Dogs and ESP

I think this post might be partly an excuse to post a picture of these adorable puppies. I got it from the San Francisco Chronicle. It’s a picture of dogs who are being trained to detect land mines. In 1951, the Army and J. B. Rhine conducted an ESP test using dogs to detect land mines.

It was following WWII and by the time land mines were made with plastic and plastic explosives and the Army’s metal detectors were useless. “The guys in the field were reduced to physically probing for the mines under the surface by using their bayonets to see if they would hit a solid object,” Dick Lowrie emailed me. He was a member of the Army’s Engineer and Research Development Center at the time and they were investigating the problem. “This was deadly to the guy that makes the slightest mistake,” he explained. They had another potentially lethal method which involved a metal detector mounted in a fiberglass box on the top of a jeep. “No one was eager to drive those jeeps.”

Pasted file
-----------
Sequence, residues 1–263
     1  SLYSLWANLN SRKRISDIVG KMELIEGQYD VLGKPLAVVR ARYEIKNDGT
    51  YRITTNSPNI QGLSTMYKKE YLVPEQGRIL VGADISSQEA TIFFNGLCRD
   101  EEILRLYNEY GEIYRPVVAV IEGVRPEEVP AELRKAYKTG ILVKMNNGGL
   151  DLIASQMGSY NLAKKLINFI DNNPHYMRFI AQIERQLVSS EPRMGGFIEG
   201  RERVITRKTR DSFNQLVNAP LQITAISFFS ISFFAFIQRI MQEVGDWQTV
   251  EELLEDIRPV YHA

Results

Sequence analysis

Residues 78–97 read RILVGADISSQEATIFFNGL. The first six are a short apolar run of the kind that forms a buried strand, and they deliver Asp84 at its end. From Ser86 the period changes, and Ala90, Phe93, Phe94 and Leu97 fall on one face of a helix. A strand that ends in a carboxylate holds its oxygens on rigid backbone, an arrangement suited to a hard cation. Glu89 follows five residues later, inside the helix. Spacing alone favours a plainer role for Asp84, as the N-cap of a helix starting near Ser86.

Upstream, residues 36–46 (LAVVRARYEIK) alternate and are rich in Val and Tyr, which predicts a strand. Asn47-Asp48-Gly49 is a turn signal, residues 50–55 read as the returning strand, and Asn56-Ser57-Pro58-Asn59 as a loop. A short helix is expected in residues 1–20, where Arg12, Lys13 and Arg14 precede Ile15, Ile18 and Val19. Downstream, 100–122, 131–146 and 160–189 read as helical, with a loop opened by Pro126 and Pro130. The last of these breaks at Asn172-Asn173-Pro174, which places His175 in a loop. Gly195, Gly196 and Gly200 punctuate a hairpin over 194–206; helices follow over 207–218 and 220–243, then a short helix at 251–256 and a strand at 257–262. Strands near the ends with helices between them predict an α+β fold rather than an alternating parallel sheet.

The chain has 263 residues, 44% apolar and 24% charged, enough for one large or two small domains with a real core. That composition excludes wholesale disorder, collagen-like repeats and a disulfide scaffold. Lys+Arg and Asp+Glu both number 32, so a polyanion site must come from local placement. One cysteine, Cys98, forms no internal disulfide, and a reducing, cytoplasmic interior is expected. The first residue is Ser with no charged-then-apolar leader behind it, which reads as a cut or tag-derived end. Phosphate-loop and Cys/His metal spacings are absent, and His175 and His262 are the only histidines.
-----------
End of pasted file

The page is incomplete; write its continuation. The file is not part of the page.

Nothing they tried was working and they were desperate to find something, anything, that would do the job. Lowrie’s section chief was the first one to bring up ESP. Lowrie had always shown an interest in the subject so he was made the project engineer. Lowrie wrote a small contract for $50,000, (small for the Army, not so small for the Lab) and he and Rhine went to work on a test to see if dogs could detect land mines using ESP.

They placed twenty mines at random locations along a smooth and breath-taking stretch of beach in Monterey. “The handlers took the dogs along the line of the beach where the mines had been planted and the dogs would sit when they sensed a mine and were given a reward if correct.” The dogs actually did better than chance, but it wasn’t reliable enough for the field where errors meant the difference between life and death. They needed a lot better than above chance.

(The picture was taken by Vinh Dao.)

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